on the willingness of some private
individual or group to assume the
financial obligations. The recent
rapid growth of county welfare
work has come about largely as a
result of the development of state
wide plans, but a local organization
is usually put into effect only after
the county has indicated a desire
While it was found that plans are
not alike in any two states because
of variations in local conditions, the
"basic principles are in agreement."
The general tendency is in the di
rection of broad, co-ordinated pro
grammes, according to the report.
STANFORD STILL SILENT
COURSE NOT TO BE KNOWN
UNTIL BOARD MEETS.
Some Say University Will Resign
While Others Aver Rebnke
Will Be Accepted. .
SAN FRANCISCO, Oct. 9. (Spe
cial.) Any announcement as to
what will be the attitude of Stan
ford with reference to. the public
reprimand ordered by a vote of the
Pacific Coast conference in Port
land last Saturday will be unauthor
ized until such time as the Stan
ford board of control holds a meet
ing, which will likely be the latter
part of the week. Divers state
ments have been made.
One is to the effect that Stanford
will resign from the conference.
The other is .diametrically op
posed, with the assertion that Stan
ford will accept the reprimand and
A prominent member of the Stan
ford board of control, who refused
to permit his name to be used, made
"I can only guess what Stanford
will do. But if I were guessing I
wpuld say that Stanford will tender
her resignation to the .conference."
As a matter of fact, Stanford is
awaiting a full report from Stewart
Fisher, Stanford man, who repre
sented Stanford at the conference,
though he did nottyiave a vote. As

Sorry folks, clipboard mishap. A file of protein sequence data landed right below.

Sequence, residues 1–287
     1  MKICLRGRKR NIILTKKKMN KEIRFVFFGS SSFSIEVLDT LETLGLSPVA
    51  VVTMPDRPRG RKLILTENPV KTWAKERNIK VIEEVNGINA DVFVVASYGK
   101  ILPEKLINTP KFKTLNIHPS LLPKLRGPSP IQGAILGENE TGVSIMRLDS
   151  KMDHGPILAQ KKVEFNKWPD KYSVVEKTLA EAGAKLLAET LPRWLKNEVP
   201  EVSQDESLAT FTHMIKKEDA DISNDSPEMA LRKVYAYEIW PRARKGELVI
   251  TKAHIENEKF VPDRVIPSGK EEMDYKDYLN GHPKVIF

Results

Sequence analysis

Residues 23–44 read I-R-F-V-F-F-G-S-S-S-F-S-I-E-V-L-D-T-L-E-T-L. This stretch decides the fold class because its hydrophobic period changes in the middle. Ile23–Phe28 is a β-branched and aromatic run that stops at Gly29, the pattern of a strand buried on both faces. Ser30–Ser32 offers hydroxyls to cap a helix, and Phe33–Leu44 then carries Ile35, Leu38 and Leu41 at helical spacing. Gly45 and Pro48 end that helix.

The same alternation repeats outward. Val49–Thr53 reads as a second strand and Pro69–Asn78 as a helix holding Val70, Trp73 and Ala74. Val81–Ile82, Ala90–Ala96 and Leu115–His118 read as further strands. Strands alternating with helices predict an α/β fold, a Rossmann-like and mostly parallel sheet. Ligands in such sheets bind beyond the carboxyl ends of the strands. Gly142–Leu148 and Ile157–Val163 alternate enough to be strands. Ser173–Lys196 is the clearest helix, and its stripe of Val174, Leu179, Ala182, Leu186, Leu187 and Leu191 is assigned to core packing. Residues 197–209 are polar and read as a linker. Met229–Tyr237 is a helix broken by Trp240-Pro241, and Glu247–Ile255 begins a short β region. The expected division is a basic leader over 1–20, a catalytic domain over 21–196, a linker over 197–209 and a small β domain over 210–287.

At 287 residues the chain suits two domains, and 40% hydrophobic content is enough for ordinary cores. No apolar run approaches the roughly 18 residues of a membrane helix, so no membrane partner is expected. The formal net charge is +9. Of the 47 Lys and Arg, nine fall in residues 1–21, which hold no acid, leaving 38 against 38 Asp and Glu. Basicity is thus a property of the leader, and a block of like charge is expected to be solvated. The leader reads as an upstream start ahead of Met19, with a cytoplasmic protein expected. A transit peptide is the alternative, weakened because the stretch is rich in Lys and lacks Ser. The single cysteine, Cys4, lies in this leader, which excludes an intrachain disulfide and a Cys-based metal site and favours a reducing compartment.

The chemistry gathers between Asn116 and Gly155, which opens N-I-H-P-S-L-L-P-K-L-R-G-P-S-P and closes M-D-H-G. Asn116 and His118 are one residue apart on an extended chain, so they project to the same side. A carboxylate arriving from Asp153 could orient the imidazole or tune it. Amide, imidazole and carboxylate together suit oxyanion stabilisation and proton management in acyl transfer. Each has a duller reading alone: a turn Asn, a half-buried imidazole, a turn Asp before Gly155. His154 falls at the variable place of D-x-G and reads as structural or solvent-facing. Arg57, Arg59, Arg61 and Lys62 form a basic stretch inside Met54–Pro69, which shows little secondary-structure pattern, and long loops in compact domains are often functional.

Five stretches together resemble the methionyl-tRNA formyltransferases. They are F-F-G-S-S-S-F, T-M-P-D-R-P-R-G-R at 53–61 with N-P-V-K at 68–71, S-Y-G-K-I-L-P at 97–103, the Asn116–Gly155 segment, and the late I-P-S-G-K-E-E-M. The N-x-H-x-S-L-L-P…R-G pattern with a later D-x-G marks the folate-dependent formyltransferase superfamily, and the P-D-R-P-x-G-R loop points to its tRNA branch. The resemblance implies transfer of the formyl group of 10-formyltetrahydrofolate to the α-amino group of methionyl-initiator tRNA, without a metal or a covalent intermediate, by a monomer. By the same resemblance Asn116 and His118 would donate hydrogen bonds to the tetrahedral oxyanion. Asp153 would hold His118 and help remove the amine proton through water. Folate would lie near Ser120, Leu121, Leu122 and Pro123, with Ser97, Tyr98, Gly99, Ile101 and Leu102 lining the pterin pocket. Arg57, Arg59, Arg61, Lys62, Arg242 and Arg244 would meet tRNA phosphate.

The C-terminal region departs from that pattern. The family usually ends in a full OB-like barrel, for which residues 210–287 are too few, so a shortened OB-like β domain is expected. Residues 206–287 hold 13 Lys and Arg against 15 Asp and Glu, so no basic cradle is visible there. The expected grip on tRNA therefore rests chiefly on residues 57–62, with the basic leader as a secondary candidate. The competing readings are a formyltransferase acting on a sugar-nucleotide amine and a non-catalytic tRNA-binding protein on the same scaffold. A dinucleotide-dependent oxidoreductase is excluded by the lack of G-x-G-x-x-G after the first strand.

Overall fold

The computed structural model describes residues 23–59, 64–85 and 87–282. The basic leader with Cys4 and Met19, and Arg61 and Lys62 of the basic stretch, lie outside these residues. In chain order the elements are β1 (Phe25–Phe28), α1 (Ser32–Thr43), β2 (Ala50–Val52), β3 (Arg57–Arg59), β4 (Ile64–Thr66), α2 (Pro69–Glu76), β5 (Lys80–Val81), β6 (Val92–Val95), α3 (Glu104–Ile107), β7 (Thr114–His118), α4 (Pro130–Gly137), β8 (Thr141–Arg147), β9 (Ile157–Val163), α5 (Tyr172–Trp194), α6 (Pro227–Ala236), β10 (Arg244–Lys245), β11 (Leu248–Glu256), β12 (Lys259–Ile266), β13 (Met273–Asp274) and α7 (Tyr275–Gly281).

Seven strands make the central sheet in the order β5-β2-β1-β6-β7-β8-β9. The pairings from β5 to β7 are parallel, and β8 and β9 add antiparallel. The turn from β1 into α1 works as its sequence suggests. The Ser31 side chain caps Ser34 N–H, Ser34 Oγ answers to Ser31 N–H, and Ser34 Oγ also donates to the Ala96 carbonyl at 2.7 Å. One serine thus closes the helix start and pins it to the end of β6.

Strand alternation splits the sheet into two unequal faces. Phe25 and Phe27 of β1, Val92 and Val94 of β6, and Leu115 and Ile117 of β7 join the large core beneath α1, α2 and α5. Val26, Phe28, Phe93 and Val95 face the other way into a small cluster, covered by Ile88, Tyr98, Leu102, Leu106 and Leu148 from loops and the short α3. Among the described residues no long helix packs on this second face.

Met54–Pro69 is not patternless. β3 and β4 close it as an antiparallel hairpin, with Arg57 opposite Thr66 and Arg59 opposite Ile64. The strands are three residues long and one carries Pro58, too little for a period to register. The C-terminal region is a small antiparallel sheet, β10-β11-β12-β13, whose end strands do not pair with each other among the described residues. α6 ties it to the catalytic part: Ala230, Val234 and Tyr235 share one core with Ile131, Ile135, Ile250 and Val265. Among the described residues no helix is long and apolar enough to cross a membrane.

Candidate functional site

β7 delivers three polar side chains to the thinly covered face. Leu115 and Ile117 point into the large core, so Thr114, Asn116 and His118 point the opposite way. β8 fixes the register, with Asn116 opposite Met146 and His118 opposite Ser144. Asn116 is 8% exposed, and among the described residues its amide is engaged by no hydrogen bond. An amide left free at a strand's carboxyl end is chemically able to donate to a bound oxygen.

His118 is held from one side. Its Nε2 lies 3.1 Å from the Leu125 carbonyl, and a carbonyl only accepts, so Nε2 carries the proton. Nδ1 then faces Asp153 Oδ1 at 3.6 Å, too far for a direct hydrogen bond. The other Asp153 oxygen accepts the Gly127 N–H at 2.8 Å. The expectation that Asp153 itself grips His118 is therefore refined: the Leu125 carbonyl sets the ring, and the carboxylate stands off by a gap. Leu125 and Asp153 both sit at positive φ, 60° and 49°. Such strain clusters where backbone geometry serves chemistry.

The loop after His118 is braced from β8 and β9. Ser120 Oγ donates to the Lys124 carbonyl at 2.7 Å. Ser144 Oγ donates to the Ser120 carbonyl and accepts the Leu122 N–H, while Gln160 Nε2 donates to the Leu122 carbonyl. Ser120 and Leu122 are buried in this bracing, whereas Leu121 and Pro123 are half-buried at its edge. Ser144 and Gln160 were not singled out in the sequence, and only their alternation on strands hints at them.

soon as that report reaches Stanford
a meeting of the board of control
will "be held.
Just what the conference has done
with reference to the east versus
west game and Pasajlena remains
to be discovered. No announcement
has been made as yet to the press,
but it is considered likely that ne
gotiations with Pasadena are being
continued. Pasadena has the .only
stadium outside of Stanford that
would be large enough to accommo
date the crowd and bring in a gate,
and Pasadena will unquestionably
Lute Nichols, graduate manager
at California, who was present at
the Portland conference, has not re
turned from the north, but is ex
pected tomorrow morning. He will
doubtless be able to throw some
light on the situation unless the
conference pursues its usual course
NEW TRAVEL ROUTE OPEN
Brnnsbuttel Line Provides Im
proved Connections to Poland.
-NTTTrr vfiR W Th. Cnnard line
announces that, beginning with the
Mauretania sailing septemoer it,
and . continuing with subsequent
sailings of the Berengaria and
Aquitania, the North sea steamers
making overside connections with
tKooa china at Knnth&Tnoton will call
at Brunsbuttel (Hamburg),, Danzig
and i,ioau. improvea uuiiiicuuub
have been made for Lithuanians to
travel via Libau.
The new Briinsbuttel route offers
up the first opportunity since 1913
for passengers to travel in great